Caistor St Edmunds
Caister St Edmund's church
A small village near Norwich, Caister St Edmunds is best known as the location of Venta Iscenorum, the capital of the Iceni tribe at the time of the Roman occupation. A rebellion by the Iceni leader, Boudicca (Boadicea) almost brought the Roman rule to an end.
The remains of the Roman town can be visited, as can the old parish church of St Edmund's, which stands in a corner of the Roman town site. The church incorporates plenty of Roman stone in its walls, doors, and windows, and there are faint medieval wall paintings visible in the interior. Fans of the TV character Alan Partridge may recognise St Edmunds as the place where the fictional presenter was married.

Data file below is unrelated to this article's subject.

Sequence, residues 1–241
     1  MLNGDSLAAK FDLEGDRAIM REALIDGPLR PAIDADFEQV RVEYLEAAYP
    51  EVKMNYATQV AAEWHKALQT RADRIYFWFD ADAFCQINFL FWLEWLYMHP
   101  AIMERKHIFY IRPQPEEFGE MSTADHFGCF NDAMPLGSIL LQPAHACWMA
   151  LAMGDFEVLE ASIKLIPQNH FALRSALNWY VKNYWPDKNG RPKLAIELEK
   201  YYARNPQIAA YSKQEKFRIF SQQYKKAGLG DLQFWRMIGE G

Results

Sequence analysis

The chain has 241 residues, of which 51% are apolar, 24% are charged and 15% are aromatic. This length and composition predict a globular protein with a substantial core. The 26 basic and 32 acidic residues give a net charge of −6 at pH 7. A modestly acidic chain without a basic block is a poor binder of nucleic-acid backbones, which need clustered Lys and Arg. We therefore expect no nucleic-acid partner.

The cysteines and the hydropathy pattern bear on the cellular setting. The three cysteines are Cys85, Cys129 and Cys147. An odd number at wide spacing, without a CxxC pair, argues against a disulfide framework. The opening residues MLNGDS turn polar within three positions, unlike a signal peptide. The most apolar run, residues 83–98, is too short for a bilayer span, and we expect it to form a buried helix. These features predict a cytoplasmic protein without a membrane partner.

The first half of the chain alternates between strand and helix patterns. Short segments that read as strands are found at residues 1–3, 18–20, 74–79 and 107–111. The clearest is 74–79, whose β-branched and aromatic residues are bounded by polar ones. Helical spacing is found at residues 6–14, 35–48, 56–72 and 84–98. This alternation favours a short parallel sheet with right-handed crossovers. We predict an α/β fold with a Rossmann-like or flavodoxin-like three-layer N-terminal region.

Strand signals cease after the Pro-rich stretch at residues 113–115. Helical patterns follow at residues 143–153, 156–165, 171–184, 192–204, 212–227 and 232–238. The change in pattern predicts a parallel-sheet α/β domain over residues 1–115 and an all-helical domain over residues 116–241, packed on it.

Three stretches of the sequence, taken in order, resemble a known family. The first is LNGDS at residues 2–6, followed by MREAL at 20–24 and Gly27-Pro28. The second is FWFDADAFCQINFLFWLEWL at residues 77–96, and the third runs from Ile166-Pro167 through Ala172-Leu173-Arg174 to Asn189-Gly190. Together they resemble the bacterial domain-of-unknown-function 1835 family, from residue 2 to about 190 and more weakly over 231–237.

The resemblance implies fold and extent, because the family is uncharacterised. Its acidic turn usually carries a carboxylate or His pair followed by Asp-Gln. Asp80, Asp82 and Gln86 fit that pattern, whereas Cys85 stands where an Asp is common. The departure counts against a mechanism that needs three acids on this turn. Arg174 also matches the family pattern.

Venta Icenorum was an administrative centre for the Romans, founded around AD 70 after Boudicca's revolt was suppressed. The new Roman settlement served as the tribal capital for the Iceni, and was occupied until roughly AD 400. The site contained all the normal features of a Roman town, with a forum, public baths, and basilica, surrounded by stone walls. The walls are the best-surviving feature of the site, reaching 20 feet high in places.

Also in Caister is the site of an Anglo-Saxon burial ground. The cemetery was excavated from 1930-38 and over 700 burial plots were found, most containing a cremation urn. The site is located on relatively high ground (for Norfolk!) presumably to shorten the journey of the soul to heaven. One interesting discovery made during the excavations was that many of the burial plots held trade tools, possibly so that the deceased could continue their trade after death. Other items found on the site include a Roman broach and an Iceni coin. Items discovered on on display at the Norwich Castle Museum.

Aside from the Roman site and the church, the most historic building in the village is Caistor Old Hall, an early 17th century manor built for Thomas Pettus.